The Baracchi Trophy
Until its demise in 1991 this two-man team time trial closed every road race season. Winning the Baracchi was a prize every rider wanted, but at its height, only the best could win it.
Photos: Offside and Cycling Legends
The Baracchi was a gem, it required special training and often pitted ego against ego. It was a celebration of two-man teamwork, the swish of silk tyres scattering autumn leaves, each rider giving their all. Shiny silk jerseys were the only concession to aerodynamics. Time trial wheels built by artists lacing tiny hubs to the thinnest rims with shiny steel spokes. The roads were lined with worshipping Tifosi. It looked glorious, it looked Italian.
The race was created in 1941 by Mino Baracchi, a rich Bergamo businessman who wanted a race to honour his grandfather, a man who loved cycling. The first Baracchi Trophy was an individual time trial for amateurs. But Mino felt that wasn’t enough for his grandfather, so from 1944 until 1948 he opened his race to professionals.
That was good but then Mino heard about an older race that was no longer run, a two-man time trial for professionals. And not just any professionals, the best of their generation were invited to compete, they were paid to do so and paired up by the organisers.
That’s what made the race special, the invited riders could end up with a team-mate, a friend or a rival, and even an enemy. It was called the Giro della Provincia di Milano, and it ran from Milan to Como and back, finishing on the Sempione track.
The Sempione was demolished in 1928, leaving Milan without a banked cycling track until the Velodromo Vigorelli was finished in 1935. But the Giro della Provincia di Milano continued until 1937, when it was won by a Frenchman, Maurice Archambaud, who was just days away from setting a new world hour record of 45.767 kilometres on the Vigorelli. Archambaud’s racing partner that day was Aldo Bini, a top man who won Il Lombardia twice, the Giro del Piemonte three times and five stages in the Giro d’Italia, as well as several other good Italian races.
Mino Baracchi used the Giro della Provincia di Milano as the template for his 1949 Baracchi Trophy, working out a testing 100-kilometre route that was a nice mix of hills and flat roads around Bergamo. He paid the best racers to ride it, and to attract more attention he arranged for the Baracchi Trophy to be the last big pro race of the year.
It worked, riders didn’t come much bigger than the first two-man Baracchi Trophy winner, Fiorenzo Magni who had taken the first of his three Giro d’Italia and three consecutive Tour of Flanders victories by 1949. Magni’s partner was Adolfo Grosso, and Magni won with two different partners for the next two years.
Nino Defilippis from Turin won in 1952, then it was Fausto Coppi’s turn. He won in 1953 with that year’s amateur world road race champion, Riccardo Filippi, who stayed in Coppi’s service for the rest of his career. Filippi partnered Coppi to Baracchi Trophy wins in 1954 and 1955. But when Coppi won again in 1957 it was with Ercole Baldini.
Fausto Coppi and Riccardo Filippi
Jacques Anquetil won the Baracchi Trophy three times, but he didn’t like it. As the best rider of his generation Anquetil was paid well to take part, but he preferred riding time trials on his own. He was never more uncomfortable in the Baracchi Trophy, or maybe in any other race in his life, than he was when winning it in 1962. Egos definitely weren’t left in the start house that day.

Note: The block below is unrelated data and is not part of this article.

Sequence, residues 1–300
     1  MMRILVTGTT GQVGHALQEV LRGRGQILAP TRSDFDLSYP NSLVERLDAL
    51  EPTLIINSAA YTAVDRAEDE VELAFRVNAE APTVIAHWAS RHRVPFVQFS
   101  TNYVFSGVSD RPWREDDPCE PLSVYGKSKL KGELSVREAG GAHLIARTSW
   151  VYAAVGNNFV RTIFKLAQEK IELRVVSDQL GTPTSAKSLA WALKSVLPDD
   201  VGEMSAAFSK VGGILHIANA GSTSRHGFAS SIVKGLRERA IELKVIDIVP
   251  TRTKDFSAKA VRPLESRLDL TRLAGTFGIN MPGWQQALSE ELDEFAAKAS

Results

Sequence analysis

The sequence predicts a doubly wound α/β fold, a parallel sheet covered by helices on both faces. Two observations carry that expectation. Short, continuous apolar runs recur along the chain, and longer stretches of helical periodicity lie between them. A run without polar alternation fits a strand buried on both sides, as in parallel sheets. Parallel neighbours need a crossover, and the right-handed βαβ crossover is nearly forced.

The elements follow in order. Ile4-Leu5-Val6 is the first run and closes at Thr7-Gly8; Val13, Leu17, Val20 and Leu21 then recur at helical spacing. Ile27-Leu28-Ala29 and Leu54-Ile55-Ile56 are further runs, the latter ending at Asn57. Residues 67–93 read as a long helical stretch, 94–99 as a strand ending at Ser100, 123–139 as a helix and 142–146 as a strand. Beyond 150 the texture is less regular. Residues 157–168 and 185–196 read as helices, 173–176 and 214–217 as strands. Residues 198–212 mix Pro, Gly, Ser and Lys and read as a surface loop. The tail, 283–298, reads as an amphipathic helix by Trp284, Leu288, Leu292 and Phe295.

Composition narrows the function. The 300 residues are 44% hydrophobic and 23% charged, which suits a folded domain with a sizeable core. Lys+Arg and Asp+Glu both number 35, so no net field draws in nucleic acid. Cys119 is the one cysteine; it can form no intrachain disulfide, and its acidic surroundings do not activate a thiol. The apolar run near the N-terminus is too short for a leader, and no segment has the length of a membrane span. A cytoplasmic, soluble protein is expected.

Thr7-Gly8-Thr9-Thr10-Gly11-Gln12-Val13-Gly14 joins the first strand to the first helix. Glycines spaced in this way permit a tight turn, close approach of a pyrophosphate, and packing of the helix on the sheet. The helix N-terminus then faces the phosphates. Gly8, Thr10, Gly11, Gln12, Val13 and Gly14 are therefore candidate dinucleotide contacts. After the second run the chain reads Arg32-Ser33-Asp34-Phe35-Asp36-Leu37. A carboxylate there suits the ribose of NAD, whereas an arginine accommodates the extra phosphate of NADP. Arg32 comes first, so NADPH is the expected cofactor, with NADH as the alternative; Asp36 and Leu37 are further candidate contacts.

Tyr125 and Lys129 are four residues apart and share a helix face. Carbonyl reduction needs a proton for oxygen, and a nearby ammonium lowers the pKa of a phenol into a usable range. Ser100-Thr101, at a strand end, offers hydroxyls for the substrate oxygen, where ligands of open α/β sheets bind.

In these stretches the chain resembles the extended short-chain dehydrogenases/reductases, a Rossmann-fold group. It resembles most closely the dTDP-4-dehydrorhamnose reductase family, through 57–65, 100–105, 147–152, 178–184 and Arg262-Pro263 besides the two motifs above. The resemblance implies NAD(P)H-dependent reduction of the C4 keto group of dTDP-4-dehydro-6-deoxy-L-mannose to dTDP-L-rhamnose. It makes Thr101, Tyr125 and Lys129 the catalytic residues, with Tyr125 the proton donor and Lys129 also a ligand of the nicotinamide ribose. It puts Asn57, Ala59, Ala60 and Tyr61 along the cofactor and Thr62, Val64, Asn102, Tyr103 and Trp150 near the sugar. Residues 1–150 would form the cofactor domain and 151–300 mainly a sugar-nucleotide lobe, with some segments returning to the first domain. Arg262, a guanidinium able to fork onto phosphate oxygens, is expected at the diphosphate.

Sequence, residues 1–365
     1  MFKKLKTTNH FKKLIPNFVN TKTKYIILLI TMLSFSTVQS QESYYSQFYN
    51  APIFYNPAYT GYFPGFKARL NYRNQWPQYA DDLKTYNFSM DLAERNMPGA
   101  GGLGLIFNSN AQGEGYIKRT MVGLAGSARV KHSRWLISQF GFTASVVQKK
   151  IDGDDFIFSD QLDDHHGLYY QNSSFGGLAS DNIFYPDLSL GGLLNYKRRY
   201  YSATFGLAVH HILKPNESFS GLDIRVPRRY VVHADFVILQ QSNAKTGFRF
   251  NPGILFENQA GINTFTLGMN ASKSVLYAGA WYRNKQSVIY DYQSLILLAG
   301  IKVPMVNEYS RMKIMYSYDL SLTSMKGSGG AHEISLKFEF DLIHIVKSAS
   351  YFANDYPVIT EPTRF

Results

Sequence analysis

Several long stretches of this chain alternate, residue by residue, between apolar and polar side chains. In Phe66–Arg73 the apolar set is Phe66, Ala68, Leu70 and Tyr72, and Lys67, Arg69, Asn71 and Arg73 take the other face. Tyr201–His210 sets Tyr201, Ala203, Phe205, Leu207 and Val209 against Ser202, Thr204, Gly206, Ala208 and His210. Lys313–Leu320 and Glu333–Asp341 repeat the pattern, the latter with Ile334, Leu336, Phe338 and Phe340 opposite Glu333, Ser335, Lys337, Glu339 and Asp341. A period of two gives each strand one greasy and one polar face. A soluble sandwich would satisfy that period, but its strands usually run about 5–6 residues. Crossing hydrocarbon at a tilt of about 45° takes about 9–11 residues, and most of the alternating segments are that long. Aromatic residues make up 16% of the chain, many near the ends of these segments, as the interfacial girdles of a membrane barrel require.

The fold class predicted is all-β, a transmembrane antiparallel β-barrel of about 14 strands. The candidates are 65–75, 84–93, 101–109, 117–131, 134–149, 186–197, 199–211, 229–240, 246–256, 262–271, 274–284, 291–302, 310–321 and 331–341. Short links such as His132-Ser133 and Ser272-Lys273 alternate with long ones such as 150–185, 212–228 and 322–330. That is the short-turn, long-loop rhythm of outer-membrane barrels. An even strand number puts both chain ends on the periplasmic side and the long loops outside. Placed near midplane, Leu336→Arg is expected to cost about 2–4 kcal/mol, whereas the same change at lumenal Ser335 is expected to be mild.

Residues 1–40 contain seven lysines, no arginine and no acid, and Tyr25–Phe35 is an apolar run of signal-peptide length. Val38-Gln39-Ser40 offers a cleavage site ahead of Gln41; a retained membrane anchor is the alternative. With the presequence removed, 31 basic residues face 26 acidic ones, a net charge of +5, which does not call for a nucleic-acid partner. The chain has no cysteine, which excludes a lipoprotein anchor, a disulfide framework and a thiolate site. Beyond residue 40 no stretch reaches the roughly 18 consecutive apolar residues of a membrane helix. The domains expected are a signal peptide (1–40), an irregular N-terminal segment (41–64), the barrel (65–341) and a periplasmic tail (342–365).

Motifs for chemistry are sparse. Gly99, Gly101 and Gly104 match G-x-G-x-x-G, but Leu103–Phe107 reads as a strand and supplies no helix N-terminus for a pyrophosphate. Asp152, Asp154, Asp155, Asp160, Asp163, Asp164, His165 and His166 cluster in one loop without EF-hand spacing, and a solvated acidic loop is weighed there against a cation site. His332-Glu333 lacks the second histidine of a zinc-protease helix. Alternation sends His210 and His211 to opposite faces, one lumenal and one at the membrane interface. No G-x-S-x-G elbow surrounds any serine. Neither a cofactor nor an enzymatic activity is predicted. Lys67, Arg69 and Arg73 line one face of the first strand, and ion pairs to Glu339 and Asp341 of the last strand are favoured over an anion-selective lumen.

Anquetil could drive himself as hard as he had to, so long as he dictated the pace and that pace was constant. In the 1962 Baracchi Trophy, Anquetil was paired with his German team mate, Rudi Altig, who was a monster in a two-man effort like this. A great track and road racer Altig injected pace into any breakaway, and would thunder through to do his turn at the front. To add a bit more spice, Altig and Anquetil had history in 1962.
They were in the same team, St Raphael, but Anquetil thought Altig was trying to usurp him as its leader. Just to top it all Anquetil had a bad day, a very bad day. It rained all through the week before the race, when Anquetil was a guest of Mino Baracchi, and he decided to put his feet up and enjoy his Italian host’s hospitality. He didn’t train at all, but Altig did. He found a long tunnel near where he was staying, and he rode up and down it as many times as he needed to keep his race legs in trim.
Altig and Anquetil won, but the German nearly killed the Frenchman. Soon after the start Anquetil stopped doing his turns. Altig remonstrated with him, then tried encouraging him, but it was no good, Anquetil had nothing to offer. So Altig hit the front and stayed there, pacing and sometimes pushing Anquetil to the finish, where he had to be lifted off his bike.
It was an eventful Baracchi Trophy, and a rare moment of weakness from Anquetil, mostly though the Baracchi was a catwalk for talent. Eddy Merckx won it three times, Felice Gimondi won twice, but the King of the Baracchi is Francesco Moser with five victories between 1974 and 1985. They make up the bulk of the Moser family total, which is seven Baracchi Trophies; the eldest Moser, Aldo, won twice.
But even towards the end of the Moser era the Baracchi Trophy started looking like a race from another age. It certainly came from an age when the calendar was less crowded. The last two-man Baracchi was run in 1990. They ran the race as a solo time trial in 1991, but that was it; the end. Tony Rominger of Switzerland was the last winner of the Baracchi Trophy.